*Why colostrum is cru­cial

NZ Lifestyle Block - - Down On The Farm -

Colostrum is pro­duced by the cow up un­til the time of birth. Calves do not re­ceive an­ti­bod­ies from their moth­ers in the womb (un­like hu­man ba­bies) and must have early feeds of colostrum to re­ceive the an­ti­bod­ies they re­quire to thrive in the en­vi­ron­ment into which they're born.

The an­ti­bod­ies from the colostrum are ab­sorbed di­rectly into the blood­stream from the calf's in­testines, but only for a lim­ited time. Some sources in­sist that the time-frame is only dur­ing the first 24 hours, oth­ers sug­gest the abil­ity can con­tinue, to a re­duced and de­creas­ing ex­tent, for up to 36 hours.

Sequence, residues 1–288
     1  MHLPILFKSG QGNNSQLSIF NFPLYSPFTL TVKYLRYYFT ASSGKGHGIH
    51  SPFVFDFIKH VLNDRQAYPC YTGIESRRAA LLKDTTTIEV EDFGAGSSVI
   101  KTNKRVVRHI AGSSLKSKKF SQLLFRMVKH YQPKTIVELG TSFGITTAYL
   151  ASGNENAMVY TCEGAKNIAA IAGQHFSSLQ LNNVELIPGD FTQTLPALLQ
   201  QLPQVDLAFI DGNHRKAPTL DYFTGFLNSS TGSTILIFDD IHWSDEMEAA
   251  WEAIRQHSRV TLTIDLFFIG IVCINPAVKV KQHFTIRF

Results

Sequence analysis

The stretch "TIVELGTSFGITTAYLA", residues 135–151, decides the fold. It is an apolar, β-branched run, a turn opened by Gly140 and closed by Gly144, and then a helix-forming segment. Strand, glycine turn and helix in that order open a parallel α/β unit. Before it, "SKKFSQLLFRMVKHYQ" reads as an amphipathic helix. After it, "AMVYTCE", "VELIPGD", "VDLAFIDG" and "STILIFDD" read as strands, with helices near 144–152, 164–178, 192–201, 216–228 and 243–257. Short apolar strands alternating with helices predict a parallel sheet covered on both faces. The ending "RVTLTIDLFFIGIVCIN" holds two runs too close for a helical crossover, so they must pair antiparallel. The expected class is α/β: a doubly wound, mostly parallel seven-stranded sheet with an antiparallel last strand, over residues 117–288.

If a calf never fed in the first cou­ple of days, ob­vi­ously you'd still give it colostrum when you found it, but if you're watch­ing a calf which hasn't fed in the first few hours af­ter birth, it's best to get in and help within 6-12 hours and make sure it has another lot within the fol­low­ing 12 hours. You prob­a­bly won't get more than a cou­ple of litres into a new­born calf at a time, so go back three or four times to make sure it gets the best start pos­si­ble.

Colostrum can be frozen for up to a year, so keep­ing some in the freezer is a use­ful back­stop. Al­ways thaw it care­fully to avoid dam­ag­ing the an­ti­body con­tent, which means slowly and gen­tly in a dou­ble boiler on an el­e­ment (so it doesn't ac­ci­den­tally get scorched), not in the mi­crowave, and don't let it get too hot.

Newspapers in English

Newspapers from New Zealand

© PressReader. All rights reserved.